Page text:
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NEW YORK STATE Cuomo misses mark with budget

The OBSERVER's View

So much for hearing any real budget answers from Gov. Andrew Cuomo in last month’s budget address.

Once again, Cuomo has kicked the can down the road, putting forth two budget plans dependent on an upcoming federal aid package. If the state receives $6 billion from the federal government as part of its aid package, state residents can look forward to tax hikes on the middle class, fee hikes and cuts to school aid, local government, Medicaid and other services. A $15 billion aid package means little changes in the state budget.

We’re a bit troubled by Cuomo’s threat to sue the Biden Administration if the federal aid package isn’t $15 billion. Budget Director Robert Mujica and Cuomo spokesperson Rich Azzopardi tried to walk the comment back to say the governor was referring to a decision about continuing the state’s lawsuit against the federal government over the State and Local Tax Deductions that were part of Trump’s 2017 tax overhaul. We don’t buy that for a minute. Someone as polished politically as Cuomo surely knows what he’s saying during a news conference or major policy address.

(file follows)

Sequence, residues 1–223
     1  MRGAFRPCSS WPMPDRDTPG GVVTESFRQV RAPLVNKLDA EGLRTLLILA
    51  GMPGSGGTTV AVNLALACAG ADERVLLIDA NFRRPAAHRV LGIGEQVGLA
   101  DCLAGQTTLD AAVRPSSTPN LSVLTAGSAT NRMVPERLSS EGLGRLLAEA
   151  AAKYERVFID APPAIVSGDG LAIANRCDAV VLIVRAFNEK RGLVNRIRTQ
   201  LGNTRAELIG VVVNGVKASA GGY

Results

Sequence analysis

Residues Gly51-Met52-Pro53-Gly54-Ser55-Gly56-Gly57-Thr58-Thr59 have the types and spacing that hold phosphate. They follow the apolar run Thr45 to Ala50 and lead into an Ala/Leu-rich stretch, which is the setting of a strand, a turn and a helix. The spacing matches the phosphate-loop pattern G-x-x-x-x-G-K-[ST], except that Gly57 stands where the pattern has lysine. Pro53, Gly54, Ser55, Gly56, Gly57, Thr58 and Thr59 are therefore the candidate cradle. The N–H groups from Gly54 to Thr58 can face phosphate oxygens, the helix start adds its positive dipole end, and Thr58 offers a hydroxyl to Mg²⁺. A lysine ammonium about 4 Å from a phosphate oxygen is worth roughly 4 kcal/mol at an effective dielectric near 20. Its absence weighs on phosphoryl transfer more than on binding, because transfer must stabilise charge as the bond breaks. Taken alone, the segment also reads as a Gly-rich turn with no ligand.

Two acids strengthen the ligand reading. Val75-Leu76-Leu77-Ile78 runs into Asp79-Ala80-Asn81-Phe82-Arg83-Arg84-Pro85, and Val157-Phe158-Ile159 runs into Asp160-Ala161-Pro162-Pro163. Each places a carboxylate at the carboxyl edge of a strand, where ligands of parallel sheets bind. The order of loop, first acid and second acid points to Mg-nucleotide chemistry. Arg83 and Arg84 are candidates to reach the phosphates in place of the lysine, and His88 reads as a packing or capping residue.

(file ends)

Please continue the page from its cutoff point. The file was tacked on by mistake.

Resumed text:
It is just more proof that Cuomo’s governance style needs a boogeyman to rail against. The most consistent budget message state residents have heard for the past several years is that the state’s problems and failings are not the governor’s fault, but instead are caused by the economy, the president or the Republican Party. It seems, listening to the governor, that he believes it’s inconceivable that state’s budget may indeed lie with the person who starts the process with the executive budget proposal and ends the process in a closed room with legislative leadership.

Rather than baying at the moon, we’d prefer the state proceed as if it will receive the $6 billion and budget accordingly. It’s funny that the governor mentions cuts to Medicaid and other service programs, but not cutting out his economic development programs like the Downtown Revitalization Initiative or Regional Economic Development Council grants. The Regional Economic Development Council program accounts for $750 million. The DRI accounts for another $100 million. In two strokes of the pen, we’ve found nearly a billion in savings. Does the state’s Green Energy Transmission Superhighway project have to be done this year at an overall cost of $2 billion?

Budgeting involves making choices — but that doesn’t seem to be the way the governor wants to proceed at a time when revenues are limited and expenses are skyrocketing.

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